A sculptor, painter, graphic artist and book illustrator, Elguja Amashukeli, like other sculptors of his pleiade, authored the icons with strong national identity in monumental urban sculpture. His kings as well as the symbolic and allegorical statuary: Vakhtang Gorgasali, Mother of All Georgians, A Tiger and a Youngster, The Call of Knowledge (Mother-Tongue), the Memorial to the Fallen Sailors, as well as the Monument of Glory (Mother Kolkhi) and the Monument to Victory (Lionman) represent today the landmark statues of the national-patriotic-style Soviet statuary in the cities of Tbilisi, Gori and Poti.
Amashukeli, like his colleague Merab Berdzenishvili, was a student of Nikoloz Kandelaki at the Tbilisi Academy of Arts. As a graduate sstudent he worked on the equestrian statue of the founding king of Tbilisi, the legendary Vakhtang Gorgasali. At that time, the erection of monuments to Georgian kings and famous military leaders was still prohibited, however, with the beginning of the Thaw (Ottepel) a national selection competition was announced for the project of the statue of Vakhtang Gorgasli in 1959, which was open to the general public and attracted many visitors. The project of Elguja Amashukeli received the first prize: the bronze statue was installed in 1967 on the Metekhi Plateau, in front of the church.
In 1958, as part of the celebration of the 1500th anniversary of Tbilisi, Georgian artists and architects created many interesting projects. Amashukeli made a 20-meter wooden statue with a sword in one hand and a bowl of wine in another. In the 1960s, the author covered the sculpture with aluminum sheets, and in 1997 replaced it with a new one.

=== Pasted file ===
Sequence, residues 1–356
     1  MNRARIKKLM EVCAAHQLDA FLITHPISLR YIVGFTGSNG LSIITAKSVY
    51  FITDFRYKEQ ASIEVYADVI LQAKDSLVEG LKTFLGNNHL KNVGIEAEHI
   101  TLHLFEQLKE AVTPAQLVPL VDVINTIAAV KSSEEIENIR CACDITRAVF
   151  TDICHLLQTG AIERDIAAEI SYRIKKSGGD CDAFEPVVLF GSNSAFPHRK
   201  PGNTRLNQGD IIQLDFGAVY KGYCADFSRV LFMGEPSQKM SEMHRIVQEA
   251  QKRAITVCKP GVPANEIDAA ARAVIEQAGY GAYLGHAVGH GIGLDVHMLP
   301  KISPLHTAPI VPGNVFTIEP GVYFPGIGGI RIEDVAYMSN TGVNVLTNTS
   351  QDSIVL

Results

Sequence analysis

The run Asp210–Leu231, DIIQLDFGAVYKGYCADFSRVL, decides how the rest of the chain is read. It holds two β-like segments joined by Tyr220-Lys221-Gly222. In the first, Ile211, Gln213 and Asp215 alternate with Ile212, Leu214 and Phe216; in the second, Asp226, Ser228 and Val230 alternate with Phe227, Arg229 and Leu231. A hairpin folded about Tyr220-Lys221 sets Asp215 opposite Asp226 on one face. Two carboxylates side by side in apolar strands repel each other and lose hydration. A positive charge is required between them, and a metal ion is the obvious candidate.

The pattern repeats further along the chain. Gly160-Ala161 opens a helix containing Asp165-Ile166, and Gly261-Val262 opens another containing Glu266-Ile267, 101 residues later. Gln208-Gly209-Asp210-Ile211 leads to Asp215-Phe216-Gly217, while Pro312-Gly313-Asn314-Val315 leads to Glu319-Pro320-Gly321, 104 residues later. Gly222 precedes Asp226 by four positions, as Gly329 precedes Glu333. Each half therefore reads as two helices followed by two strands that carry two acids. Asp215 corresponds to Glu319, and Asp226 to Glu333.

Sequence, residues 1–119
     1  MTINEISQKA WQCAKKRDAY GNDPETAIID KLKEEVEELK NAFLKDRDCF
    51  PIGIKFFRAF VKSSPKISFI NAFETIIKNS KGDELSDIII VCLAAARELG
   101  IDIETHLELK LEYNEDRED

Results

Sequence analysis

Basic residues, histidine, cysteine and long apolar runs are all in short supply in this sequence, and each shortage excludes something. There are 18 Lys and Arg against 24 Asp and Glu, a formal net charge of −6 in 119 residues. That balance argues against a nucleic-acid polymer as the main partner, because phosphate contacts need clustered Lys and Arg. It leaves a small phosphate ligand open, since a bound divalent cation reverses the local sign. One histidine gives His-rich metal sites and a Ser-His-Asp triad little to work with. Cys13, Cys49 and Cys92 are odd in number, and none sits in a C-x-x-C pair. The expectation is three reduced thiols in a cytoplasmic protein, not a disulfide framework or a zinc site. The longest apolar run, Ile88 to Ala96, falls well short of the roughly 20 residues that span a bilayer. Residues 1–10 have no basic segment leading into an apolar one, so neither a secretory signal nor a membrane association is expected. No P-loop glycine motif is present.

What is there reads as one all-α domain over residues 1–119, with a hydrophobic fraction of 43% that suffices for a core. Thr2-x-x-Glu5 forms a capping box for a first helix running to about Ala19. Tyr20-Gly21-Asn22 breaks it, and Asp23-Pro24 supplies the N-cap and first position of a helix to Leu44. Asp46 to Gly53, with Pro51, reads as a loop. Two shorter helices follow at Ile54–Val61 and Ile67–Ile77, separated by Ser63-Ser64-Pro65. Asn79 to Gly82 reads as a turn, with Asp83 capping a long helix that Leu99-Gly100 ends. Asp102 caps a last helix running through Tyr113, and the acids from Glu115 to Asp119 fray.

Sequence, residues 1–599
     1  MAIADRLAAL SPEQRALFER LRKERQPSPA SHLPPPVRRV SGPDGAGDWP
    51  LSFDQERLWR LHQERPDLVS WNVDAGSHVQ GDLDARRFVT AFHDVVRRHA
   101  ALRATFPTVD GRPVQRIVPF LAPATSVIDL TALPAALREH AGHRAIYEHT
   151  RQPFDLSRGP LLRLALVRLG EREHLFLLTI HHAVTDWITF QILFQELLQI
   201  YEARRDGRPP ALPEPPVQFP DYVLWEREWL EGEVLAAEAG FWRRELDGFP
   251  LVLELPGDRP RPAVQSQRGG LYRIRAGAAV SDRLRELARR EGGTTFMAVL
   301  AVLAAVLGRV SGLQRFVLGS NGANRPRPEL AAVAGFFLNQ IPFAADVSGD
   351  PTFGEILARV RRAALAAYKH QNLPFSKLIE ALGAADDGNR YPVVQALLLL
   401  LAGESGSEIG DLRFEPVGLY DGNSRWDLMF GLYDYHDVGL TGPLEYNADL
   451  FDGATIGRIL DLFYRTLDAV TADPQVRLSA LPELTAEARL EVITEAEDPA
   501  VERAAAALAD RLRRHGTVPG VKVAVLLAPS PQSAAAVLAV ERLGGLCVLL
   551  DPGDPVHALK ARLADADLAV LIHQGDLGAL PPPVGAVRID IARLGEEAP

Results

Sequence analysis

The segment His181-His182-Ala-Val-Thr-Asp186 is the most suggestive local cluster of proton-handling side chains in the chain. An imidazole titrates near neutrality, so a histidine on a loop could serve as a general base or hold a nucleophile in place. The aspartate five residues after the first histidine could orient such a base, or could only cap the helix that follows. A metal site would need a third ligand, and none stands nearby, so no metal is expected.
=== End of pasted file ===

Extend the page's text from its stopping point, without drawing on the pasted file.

Elguja Amashukeli authored the Monument of Glory in Poti (The Mother of Colchis, bronze 1967), the relief of the portal of the Tbilisi metro station Rustaveli (1965), the monuments to King Pharnavaz, Rafiel Eristavi and Niko Pirosmanashvili in Tbilisi (bronze, 1974-1975) , the Monument to Victory in Gori (The Lionman, bronze, 1979).
His works in the field of painting, graphics and book illustration deserve special attention. He also authored the books: The Letters on Art (1984), The Sixth Sense (1987), and Time the Creator (2000).
He served as secretary of the Union of Artists of the USSR (1984-89), and was a corresponding member of the Russian Academy of Arts (1988). He was awarded the titles of Honored Artist of the USSR (1965), People’s Artist of Georgia (1984-89), as well as the orders of the Red Banner of Labor and the Order of People’s Friendship. He was the laureate of state awards of the USSR and the People’s Republic of Bulgaria.